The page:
You get more Bang for your buck in THE BAY OF SILENCE thanks to leading man, Claes Bang. His portrayal of Will, the aggrieved and grieving spouse of schizophrenic Rosalind is mesmerising.

In a film where murky narrative obfuscates and muddies understanding, Bang is irresistibly watchable, whether doing the mundane of taking a bath or the horrific in burying a child.

Bang’s Will is brilliant whether bereft and bewildered or noble and nurturing, banging down the dinosaur ideas and narrow view of masculinity, firmly focused on family, protective and supportive after subjection to seemingly insurmountable slings and sorrows.

Caroline Goodall’s script, adapted from the novel by Lisa St Aubin deTeran, bears all the tropes of classic suspense – the locked suitcase, the ordinary man caught up in extraordinary circumstances, the mysterious woman with a past, the secret antagonist, a lonely house on a cliff, diverse plot twists, a pervasive sense of foreboding.

After the difficult birth of their son, Amadeo, rocks their carefully calibrated world, the unexpected arrival of a suitcase from France, filled with photos from the past, prompts Rosalind to abruptly disappear with her children, launching Will into a frantic search for his family across Europe.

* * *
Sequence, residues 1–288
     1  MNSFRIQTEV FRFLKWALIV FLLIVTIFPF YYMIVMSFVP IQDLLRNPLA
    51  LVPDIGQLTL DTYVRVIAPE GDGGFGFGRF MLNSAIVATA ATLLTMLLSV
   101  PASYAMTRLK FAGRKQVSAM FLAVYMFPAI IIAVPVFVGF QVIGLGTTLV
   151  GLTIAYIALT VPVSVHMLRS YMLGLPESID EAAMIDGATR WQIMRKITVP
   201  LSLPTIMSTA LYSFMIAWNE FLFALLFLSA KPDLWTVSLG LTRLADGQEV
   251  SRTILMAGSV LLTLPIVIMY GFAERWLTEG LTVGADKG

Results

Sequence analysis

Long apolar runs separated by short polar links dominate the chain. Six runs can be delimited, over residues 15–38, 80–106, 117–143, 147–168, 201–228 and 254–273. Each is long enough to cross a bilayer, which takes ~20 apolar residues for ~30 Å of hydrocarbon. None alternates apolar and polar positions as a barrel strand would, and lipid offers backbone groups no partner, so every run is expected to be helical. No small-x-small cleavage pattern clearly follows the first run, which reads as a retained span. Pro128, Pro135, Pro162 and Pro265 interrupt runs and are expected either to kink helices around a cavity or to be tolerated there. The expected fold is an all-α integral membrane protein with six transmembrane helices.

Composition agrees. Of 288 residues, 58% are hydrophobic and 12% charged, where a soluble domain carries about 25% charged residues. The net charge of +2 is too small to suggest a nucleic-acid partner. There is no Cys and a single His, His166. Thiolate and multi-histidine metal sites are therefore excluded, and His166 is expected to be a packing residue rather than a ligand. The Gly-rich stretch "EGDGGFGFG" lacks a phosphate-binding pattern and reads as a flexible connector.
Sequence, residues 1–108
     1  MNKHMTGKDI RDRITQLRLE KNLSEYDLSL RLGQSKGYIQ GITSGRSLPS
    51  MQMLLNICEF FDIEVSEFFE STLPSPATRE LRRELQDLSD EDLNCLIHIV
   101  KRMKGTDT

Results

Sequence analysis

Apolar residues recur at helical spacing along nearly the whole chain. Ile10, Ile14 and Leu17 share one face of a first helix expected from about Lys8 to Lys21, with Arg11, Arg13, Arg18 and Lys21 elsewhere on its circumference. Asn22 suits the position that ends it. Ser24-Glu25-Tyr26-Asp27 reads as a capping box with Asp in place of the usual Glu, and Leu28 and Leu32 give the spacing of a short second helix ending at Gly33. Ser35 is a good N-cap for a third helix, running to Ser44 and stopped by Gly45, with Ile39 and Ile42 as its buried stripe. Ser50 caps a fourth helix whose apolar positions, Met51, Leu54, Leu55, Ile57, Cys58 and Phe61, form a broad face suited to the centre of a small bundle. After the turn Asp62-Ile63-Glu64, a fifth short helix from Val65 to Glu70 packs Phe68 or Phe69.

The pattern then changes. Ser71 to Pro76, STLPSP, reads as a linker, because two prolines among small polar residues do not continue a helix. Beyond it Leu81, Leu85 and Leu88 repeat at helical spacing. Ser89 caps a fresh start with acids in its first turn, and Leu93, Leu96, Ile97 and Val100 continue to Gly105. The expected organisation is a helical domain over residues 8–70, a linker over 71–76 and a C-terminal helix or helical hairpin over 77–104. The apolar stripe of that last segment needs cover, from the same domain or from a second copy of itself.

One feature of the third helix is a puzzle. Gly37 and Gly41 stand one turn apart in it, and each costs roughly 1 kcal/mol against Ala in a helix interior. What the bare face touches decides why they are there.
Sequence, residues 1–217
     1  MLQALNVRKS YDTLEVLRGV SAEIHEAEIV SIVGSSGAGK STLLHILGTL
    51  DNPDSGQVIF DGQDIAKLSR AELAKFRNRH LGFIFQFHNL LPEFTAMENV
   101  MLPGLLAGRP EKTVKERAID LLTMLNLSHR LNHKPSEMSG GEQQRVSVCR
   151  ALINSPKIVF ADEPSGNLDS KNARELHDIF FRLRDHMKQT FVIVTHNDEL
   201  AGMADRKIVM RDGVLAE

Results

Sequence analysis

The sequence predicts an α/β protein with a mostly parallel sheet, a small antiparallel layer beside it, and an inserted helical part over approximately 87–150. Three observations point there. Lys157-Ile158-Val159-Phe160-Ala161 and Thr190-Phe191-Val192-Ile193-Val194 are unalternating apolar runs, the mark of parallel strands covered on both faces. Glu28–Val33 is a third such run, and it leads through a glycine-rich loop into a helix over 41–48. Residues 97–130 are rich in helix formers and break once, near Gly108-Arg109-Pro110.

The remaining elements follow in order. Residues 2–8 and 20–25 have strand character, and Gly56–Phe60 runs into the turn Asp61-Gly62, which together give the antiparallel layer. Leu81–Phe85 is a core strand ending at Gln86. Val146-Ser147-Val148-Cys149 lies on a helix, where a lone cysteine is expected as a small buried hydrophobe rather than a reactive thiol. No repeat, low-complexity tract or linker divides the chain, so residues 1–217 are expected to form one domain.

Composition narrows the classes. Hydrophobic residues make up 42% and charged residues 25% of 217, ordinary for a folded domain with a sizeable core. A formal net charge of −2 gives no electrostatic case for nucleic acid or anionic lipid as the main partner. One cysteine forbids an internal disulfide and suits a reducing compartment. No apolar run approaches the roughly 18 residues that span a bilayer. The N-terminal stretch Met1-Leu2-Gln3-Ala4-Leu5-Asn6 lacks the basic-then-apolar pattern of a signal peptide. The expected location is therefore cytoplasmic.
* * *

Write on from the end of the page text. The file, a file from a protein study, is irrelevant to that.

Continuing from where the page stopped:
Relief upon locating them in a remote French fishing village turns to horror when he discovers that his baby son has mysteriously died, Rosalind has retreated into a world filled with the ghosts of her past, and her twin eight-year- old daughters speak in riddles. Candy has disappeared.

In his grief and desperation he sees only two options: go to the police and risk his wife being accused of murder or cover up the death and protect his family. He secretly buries Amadeo and flees France with the remnants of his family.

The penny will drop for most audiences, with repercussions spinning on a dime, while plot points take a pounding. But the film’s currency is clearly with Claes Bang and certainly worth the bucks.